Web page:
For the better part of the last two years the Agropedia project has been absorbed with placing, at the disposal of the farming households of India, a channel of exchange that is at once handy and authoritative. We call this ICT, information and communication technology, but we do in fact mean social interaction that is useful and enlightening. Village India is a wellspring of knowledge and thought, and through our small efforts, we believe that the gap between the two cultures, in our case of science and rural society, may be bridged with humility and understanding.
We have, over the last year; seen small steps taken that incorporate an element of development policy into Agropedia. Some of this can be seen in the blogs set up by members of the Agropedia community, and in them they have debated prices, costs of cultivation, foreign direct investment in retail, the role of markets, the absence of credit, and many such issues that do not automatically fall under the ICT umbrella. This is most welcome, for Agropedia exists as a complement to the understanding - always a work in progress - of the rural and urban transformations in contemporary India. We do not see our work as being only a gateway between the domains of crop science and communications technology, far from it.
In this, we are guided by the many reasons why development policy should focus on the most vulnerable. These reasons come from the polity that is India: 'kisan' families, sharecroppers, informal labour, trade unions, domestic workers, job workers, the marginal, those with little voice and much promise. We wish to see Agropedia being employed to help define their entitlements and to emphasize non-discrimination and equity. There is a growing view - indeed a conviction in many quarters - that rebalancing our food systems so they can work more equitably is vital for combating hunger and malnutrition.
It is for these reasons that we see Agropedia and its loyal community as enabling cultivating communities to move beyond concepts such as connecting smallholder farmers to 'value chains', so that they may appreciate a new the cultural underpinnings of our marvelous crop biodiversity, to encourage community resilience over the dictates of a production-and-markets system. We envisage Agropedia as being just as catholic about the need for protecting environment and biodiversity as it is about pest management and conservation agriculture.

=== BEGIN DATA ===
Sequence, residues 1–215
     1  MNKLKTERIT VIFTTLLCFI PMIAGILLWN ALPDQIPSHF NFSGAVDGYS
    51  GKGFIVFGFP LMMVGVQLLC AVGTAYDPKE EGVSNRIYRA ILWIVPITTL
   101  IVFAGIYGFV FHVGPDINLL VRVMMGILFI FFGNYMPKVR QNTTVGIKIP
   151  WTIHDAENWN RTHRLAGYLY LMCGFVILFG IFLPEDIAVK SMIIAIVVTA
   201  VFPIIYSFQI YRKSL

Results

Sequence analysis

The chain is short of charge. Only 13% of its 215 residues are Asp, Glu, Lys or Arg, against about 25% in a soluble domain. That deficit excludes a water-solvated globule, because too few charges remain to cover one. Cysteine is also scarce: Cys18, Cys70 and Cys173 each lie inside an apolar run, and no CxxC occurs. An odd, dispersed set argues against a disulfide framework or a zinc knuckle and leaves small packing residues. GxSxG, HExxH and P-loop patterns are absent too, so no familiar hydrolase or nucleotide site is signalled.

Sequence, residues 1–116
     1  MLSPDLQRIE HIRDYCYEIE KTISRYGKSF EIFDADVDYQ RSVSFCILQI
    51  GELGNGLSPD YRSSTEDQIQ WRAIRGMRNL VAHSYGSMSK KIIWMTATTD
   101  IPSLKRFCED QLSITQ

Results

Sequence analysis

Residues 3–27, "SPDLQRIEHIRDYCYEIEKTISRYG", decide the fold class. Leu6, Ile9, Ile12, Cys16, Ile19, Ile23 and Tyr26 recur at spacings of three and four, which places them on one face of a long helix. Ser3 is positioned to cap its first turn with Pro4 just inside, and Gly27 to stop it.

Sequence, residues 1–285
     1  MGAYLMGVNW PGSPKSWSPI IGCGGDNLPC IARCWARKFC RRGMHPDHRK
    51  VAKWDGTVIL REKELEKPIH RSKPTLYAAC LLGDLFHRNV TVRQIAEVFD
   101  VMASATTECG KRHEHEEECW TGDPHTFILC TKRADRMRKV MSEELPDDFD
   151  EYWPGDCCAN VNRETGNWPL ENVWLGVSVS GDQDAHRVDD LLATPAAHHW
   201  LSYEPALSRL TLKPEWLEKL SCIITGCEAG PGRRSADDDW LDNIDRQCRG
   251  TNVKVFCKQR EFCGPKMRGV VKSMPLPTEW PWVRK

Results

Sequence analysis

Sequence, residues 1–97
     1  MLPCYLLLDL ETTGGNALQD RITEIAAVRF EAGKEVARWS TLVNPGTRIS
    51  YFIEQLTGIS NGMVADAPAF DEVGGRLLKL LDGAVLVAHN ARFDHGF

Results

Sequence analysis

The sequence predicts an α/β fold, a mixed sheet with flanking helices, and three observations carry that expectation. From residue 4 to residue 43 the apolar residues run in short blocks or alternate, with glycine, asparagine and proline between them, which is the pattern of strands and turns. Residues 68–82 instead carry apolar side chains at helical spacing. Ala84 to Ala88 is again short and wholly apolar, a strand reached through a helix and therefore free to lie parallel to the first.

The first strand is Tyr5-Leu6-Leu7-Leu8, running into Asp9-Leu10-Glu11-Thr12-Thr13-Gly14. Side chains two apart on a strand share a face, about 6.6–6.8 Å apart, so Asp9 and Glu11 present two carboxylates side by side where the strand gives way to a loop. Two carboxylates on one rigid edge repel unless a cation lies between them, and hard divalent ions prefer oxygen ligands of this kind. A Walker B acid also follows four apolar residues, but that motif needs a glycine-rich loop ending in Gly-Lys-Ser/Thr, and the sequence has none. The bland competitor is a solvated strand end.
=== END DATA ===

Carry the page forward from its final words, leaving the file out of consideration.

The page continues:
At Agropedia, we do not conduct surveys that inquire into the causes behind the extreme poverty of smallholder farmers, nor do we analyze the shifts in macroeconomic policy which can bring ruin to growers of a commercial crop.
Nonetheless, these are critical inputs for our effort, for they influence the intersection of crop science and rural livelihoods. The poverty experienced by our fellow citizens, both rural and urban, is multi-dimensional in nature. Such poverty is shaped as much by the natural limits of our ecosystems as our agriculture is - we do not have an unlimited supply of energy and raw materials, nor do our agro-ecological systems have an infinite capacity to absorb pollution and waste.
This is the world that our project inhabits. A complex system with few durable explanations, full of promise provided the two cultures meet and prosper. One such meeting place is Agropedia.
'Krishi Vichar' will provide openings into these trends, views, news, policies, practices and responses - the fabric of our agrarian society and its urban dependents. We welcome your participation in this space.
Submitted by rahul.goswami on Mon, 23/01/2012 - 23:02